When an Annapolis High School senior first accessed online learning for the final quarter of the school year, she relied heavily on her phone and printed assignments.
Linette Luengas said she used to print nearly 20 pages for each of her eight classes to try and stay on top of her work as Anne Arundel County schools continue schooling online.
“I had to print all of those papers and study it, respond, take pictures and upload it. It was difficult,” the 18-year-old said.
Though she qualified for a loaned Chromebook from the school system, Luengas said getting to the pick up location conflicted with her mother’s work schedule. The school system has distributed more than 10,000 Chromebooks to students, Superintendent George Arlotto said at a county budget hearing.
As of late April, the Annapolis and Glen Burnie clusters had the highest amount of students not yet engaged in online learning. Annapolis had over 600 students not yet connected, though that number does not reflect families without devices, said school spokesman Bob Mosier over email.
By on May 6, the system reported about 2,600 students were still not engaged online.
Luengas worked around not having a computer at home until she received a donation from a Glen Burnie resident, who happens to have a passion for restoring older electronics.
In his basement and shed, Ed Witles assembles used parts of computers to donate to county students, all in an effort to help students get online during the statewide school closure.
Ed Witles had computer parts around his home and he realized he could put them to good use.
“I heard about the pandemic and school closures and started thinking about people who need technology,” Witles said.
He had 12 Dell laptops donated and a collection of desktops. Witles decided to build them up for students to use. Throughout the endeavor, he remains resourceful by looking online and taking up damaged or old computers and the associated parts.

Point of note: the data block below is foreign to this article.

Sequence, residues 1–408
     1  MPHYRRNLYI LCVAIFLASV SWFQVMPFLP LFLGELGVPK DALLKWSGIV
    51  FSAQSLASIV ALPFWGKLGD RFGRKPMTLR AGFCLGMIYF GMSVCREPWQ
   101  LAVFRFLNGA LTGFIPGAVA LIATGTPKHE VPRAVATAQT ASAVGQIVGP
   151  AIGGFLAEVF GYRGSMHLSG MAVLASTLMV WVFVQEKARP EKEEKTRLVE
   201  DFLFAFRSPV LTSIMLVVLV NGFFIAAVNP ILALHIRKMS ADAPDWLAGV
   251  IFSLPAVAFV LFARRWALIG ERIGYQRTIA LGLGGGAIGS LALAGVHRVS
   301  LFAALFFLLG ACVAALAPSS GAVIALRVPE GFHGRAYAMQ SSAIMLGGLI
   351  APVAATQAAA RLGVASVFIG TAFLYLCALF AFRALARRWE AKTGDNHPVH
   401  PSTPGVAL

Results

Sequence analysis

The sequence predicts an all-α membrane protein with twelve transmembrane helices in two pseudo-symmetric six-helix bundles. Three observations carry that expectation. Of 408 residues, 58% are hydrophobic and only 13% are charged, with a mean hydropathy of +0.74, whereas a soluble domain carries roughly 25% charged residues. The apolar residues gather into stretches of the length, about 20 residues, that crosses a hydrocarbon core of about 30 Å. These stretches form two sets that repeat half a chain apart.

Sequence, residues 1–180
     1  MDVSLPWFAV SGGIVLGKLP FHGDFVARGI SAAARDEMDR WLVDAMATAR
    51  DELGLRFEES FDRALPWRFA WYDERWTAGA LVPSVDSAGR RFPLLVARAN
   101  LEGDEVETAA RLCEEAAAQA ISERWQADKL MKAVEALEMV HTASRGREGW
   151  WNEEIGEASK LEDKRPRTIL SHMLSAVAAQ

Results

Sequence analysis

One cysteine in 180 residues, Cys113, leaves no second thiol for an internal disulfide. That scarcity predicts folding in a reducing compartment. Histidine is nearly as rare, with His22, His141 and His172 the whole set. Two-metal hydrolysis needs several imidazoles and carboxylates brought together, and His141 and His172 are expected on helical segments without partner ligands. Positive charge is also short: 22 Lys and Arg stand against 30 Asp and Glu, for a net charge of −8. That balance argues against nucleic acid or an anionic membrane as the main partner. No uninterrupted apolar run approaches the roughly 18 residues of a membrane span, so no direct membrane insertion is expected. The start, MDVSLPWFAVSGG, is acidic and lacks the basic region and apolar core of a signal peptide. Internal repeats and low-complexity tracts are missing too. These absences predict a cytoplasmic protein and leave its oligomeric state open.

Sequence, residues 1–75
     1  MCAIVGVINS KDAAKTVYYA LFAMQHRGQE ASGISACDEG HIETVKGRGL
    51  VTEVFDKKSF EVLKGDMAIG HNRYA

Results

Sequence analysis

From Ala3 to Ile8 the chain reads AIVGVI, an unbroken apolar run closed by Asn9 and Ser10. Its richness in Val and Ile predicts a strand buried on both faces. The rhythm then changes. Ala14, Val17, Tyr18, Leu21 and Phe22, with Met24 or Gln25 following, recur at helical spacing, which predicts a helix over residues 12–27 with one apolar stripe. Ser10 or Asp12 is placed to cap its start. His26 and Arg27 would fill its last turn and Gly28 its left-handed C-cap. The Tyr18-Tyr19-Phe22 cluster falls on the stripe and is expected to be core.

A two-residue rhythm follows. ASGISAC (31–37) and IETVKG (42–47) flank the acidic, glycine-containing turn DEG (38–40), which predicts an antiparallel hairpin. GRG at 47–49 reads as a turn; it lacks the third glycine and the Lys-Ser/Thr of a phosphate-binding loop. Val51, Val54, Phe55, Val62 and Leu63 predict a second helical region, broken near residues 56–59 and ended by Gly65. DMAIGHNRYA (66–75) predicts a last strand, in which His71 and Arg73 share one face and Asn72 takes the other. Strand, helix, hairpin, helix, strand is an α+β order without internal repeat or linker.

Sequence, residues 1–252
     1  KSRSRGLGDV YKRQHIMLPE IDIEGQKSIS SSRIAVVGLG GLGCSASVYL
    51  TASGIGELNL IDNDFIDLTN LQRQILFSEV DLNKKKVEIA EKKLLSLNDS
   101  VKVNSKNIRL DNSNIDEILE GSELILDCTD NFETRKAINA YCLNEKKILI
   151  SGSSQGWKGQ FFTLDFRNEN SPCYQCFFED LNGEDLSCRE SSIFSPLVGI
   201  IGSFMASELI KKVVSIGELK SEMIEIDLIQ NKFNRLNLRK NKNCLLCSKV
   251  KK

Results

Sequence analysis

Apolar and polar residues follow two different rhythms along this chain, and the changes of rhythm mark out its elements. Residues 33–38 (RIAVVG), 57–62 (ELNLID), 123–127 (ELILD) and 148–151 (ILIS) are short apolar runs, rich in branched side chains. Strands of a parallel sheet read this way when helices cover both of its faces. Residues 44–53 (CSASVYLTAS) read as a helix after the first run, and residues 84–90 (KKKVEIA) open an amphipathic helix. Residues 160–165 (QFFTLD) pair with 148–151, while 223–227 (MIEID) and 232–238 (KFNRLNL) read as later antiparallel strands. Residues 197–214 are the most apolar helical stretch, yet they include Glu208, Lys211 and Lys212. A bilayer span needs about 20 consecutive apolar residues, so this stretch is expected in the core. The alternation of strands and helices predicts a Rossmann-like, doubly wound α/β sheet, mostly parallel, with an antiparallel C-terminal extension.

If Witles ran into a laptop with a cracked screen, he would replace it and keep moving.
“I cast the widest and deepest net, I don’t want to say ‘I won’t take this,’” Witles explained. Computer parts that did not need to remain temperature controlled would go in his shed and the rest he kept in his basement.
He was able to connect with Romey Pittman, an Annapolis High School history teacher, and together theygave at least 10 students fully restored computers, including Luengas.
With a laptop at home, Luengas said it is much easier to do her work especially for written responses.
“It is a different world. When I used to do it on my phone, I would write it in my notebook and type it on my phone,” she explained.
Now she no longer has to do twice as much work to send in her assignments. She can even do her homework around her house or at work, which helps with her schedule. Luengas also said she no longer needs to spend money on printing.
“It is just a lot easier than what it used to be before,” she said.
Pittman said the donations not only help her students but also assist with grading because the process of receiving assignments is much quicker, she said.
“The ones trying to do work on their phone, writing down answers, taking a picture of it and sending it to me — it was taking me forever to grade papers,” Pittman said.
For her students, receiving computers is also helpful for their families. She recounted examples of student using parents’ phones, some students still had to go to work and stay engaged in class and others had four or more siblings to one Chromebook.
But now those who were able to get a donated computer can really participate.
“For some kids that it totally made the difference between being able to do the learning and not being able to at all. For others, I think it just made it much easier to do and less stressful,” Pittman said.
Witles is still repairing laptops and desktops for students in and around the county. He said his work is not to be spotlighted but to really help others, a desire he had even before the pandemic began.
“One of the things I had envisioned several years ago, I want to make a positive difference in the lives of kids,” he said.
Luengas, and other students who received a donated computer, have written thank you notes that Witles keeps. Once she graduates, Luengas said she plans on passing along her computer to another student in need.